Atheist polemicists portray religious faith as an irrational belief that has no supporting evidence at all. Theists reply that of course there is evidence for the existence of God, the atheists respond that it’s not real evidence, and round and round they go. It’s not my purpose here to convert you to Christianity, although I’d be gratified if my writings played a part in that, however small. I suspect most RoK readers already have strong, settled opinions on the question of God’s existence.

My aim is to briefly outline the classical arguments for the existence of God. Some of these arguments are incomprehensible to the secular modern, as they assume a classical background in philosophy and theology, but that says more about the secular modern education system than it does about the arguments.

Christianity is integral to Western tradition over the past 2,000 years and all men should have a basic knowledge of why our ancestors believed what they did.

The Ontological Argument

Anselm of Canterbury

Anselm of Canterbury

St. Anselm of Canterbury (1033 – 1109) was probably the greatest mind of the Latin Church between St. Augustine of Hippo and St. Thomas Aquinas. As Archbishop, he came into conflict with the English Kings William II and Henry I, the sons of William the Conqueror, and was sent into exile on two occasions. He is chiefly remembered in philosophy and theology circles for creating the Ontological Argument for God. The argument can be found in Anselm’s work Proslogium:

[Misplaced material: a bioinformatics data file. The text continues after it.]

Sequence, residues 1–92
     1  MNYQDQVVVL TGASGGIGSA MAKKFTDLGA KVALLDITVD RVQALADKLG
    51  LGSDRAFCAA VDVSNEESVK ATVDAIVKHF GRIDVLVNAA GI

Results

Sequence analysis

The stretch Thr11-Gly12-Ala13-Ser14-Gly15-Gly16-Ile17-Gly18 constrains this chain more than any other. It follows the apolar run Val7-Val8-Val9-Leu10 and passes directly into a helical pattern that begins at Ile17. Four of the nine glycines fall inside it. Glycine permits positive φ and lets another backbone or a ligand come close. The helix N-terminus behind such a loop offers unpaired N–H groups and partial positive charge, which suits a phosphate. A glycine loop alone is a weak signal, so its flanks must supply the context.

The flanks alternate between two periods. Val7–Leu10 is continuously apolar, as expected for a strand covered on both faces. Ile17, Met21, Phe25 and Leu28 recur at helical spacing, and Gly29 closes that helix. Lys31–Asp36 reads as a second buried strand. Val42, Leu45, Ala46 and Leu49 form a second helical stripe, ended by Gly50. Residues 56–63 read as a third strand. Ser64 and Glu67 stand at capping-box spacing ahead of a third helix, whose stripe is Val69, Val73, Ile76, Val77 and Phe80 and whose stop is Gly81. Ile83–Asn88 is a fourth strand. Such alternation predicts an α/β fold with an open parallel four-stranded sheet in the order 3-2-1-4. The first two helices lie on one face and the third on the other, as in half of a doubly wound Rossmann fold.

[Even a] fool, when he hears of … a being than which nothing greater can be conceived … understands what he hears, and what he understands is in his understanding.… And assuredly that, than which nothing greater can be conceived, cannot exist in the understanding alone. For suppose it exists in the understanding alone: then it can be conceived to exist in reality; which is greater.… Therefore, if that, than which nothing greater can be conceived, exists in the understanding alone, the very being, than which nothing greater can be conceived, is one, than which a greater can be conceived. But obviously this is impossible. Hence, there is no doubt that there exists a being, than which nothing greater can be conceived, and it exists both in the understanding and in reality.